And employers often prefer candidates with bachelor’s degrees, even for jobs that previously did not require them, a Harvard Business School study found. This so-called “credential inflation” tends to peak during and after recessions, according to research conducted at the Federal Reserve Bank of Boston, which found that, during the last recession, the proportion of job postings requiring a bachelor’s degree or higher rose by more than 10 percentage points.
Completing career and technical education is almost always faster and less expensive than studying toward a bachelor’s degree, however, and trainees can earn while they learn. That’s the case for several of these future firefighters, who are already working in fire stations and getting paid to go on calls.
“Even deciding what I was going to major in in college, I was just going through the motions. I graduated from high school and then — what’s next? Okay, college.” Gianna Dinuzzo, student, Fresno City College, a community college
“It’s just a better pathway for people who are not so sure they want a bachelor’s degree but they know they want to go into, for example, firefighting,” said Michelle Rhee Weise, author of the new book “Long Life Learning” and former senior vice president for workforce strategies at the Strada Education Network. “And that’s important to know before they make their huge investment.”
All of this is helping change perceptions of long-disparaged career and technical — previously called vocational — education.
“We have done a lot as far as addressing the recognition of the value of these jobs,” said Chelle Travis, executive director of SkillsUSA, an association of teachers, students and industries that focus on it.
This changing awareness is already having an effect. Maine’s community colleges report that the number of people signing on to short-term job training quadrupled over the last two years, to 3,625 in the 12 months ending June 30. El Paso Community College in Texas is expanding those kinds of programs; its president, William Serrata — who chairs the American Association of Community Colleges — told education journalists in September that his counterparts are also preparing for an increase in demand.
Arkansas, where a quarter of skilled tradespeople are at or near retirement, has launched a campaign to nudge more people into career and technical education. And New Jersey educators agreed this year to create smoother routes for students from vocational high schools to community colleges for career and technical education.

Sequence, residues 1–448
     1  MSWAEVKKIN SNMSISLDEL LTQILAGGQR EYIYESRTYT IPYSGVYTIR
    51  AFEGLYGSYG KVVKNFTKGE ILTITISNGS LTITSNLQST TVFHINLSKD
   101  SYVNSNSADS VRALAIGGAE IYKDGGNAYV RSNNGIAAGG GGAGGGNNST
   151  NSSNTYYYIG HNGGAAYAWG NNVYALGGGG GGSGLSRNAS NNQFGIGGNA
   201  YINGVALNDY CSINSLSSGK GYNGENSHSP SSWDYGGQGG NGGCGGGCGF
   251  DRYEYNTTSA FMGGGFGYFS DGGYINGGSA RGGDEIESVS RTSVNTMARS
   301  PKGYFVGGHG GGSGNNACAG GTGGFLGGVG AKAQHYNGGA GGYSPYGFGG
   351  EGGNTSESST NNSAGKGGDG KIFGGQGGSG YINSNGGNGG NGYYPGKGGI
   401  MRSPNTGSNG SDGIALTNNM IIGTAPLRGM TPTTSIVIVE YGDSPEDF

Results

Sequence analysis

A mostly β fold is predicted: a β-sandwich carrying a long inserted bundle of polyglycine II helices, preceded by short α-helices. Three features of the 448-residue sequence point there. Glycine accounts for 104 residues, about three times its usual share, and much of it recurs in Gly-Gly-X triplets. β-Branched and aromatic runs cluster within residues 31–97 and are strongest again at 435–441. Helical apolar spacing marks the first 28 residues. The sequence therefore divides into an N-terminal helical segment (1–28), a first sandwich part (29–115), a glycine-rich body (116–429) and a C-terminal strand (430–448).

Parents still see four-year universities as the ultimate goal, however, high schools are ranked on the basis of how many of their graduates go to one and some jobs in manufacturing and skilled trades continue to be looked down upon.
“It’s not as cut-and-dry as too many students are going to four-year degree programs,” said Alisha Hyslop, director of public policy for the Association for Career and Technical Education. “It’s more that we need more education for students before they get to college, more career awareness and exploration opportunities to learn about careers.”
There’s some risk that this could end up diverting low-income and racial and ethnic minority students into training for skilled trades while their higher-income and white classmates continue to get bachelor’s degrees.
“Coming out of high school there’s social pressure on you: ‘Where are you going to college?’ Then there’s social pressure on your parents: ‘Where is your son going to college?’ But the hardest thing is making such a finite decision about what you want to do at 18 years old.” Matt Duhaime, student, Southern Maine Community CollegeCommunity College, Higher education access, Higher education affordability, Higher education completion
“That is the big concern, and part of why people are a little reluctant to take it on,” Dougherty said of the idea that high schools more proactively help students pick career paths. “It has to be done thoughtfully so that we don’t go back to a tracking model [based on] the color of your skin or your ZIP code.”
Still, he and others point out that higher education is already deeply stratified in these ways, with more affluent Americans going to the most prestigious universities and lower-income ones to community and for-profit colleges.
“So the question becomes,” Weise said: “How are we going to do this better?”
Sometimes the question may be more simple: What makes someone happy?
For Peter Wong, it wasn’t necessarily the bachelor’s degree in anthropology he earned at Loyola University Chicago, or even his subsequent law degree.
What Wong really wanted to do was work around food.
“I went to college because that’s what we did,” Wong said. “My mother said, ‘You’re going to get a degree if it kills me.’ I really didn’t want to go. I was just there trying to figure out what I wanted to do.”
He ended up in sales jobs and worked for a bank for a while and then for a national retailer. “It was a paycheck,” he said.
Now 52, and having moved home to Chicago to be closer to family during the pandemic, Wong is studying toward an associate degree in culinary arts at Ivy Tech Community College in Indiana.
“I don’t regret the stuff I’ve done,” he said. “But I wish I had done this 20 years ago.”
Tinkle, the aspiring wildlands firefighter with the Brown degree, said she hears that a lot.
“A lot of people I’ve met have said to me, ‘I wish I’d done what you were doing when I was your age,’ ” she said. “And I tell them: ‘Well, you should have.’ ”
This article originally appeared in The Hechinger Report on November 20, 2020,(a nonprofit, independent news organization focused on inequality and innovation in education) and is republished with permission.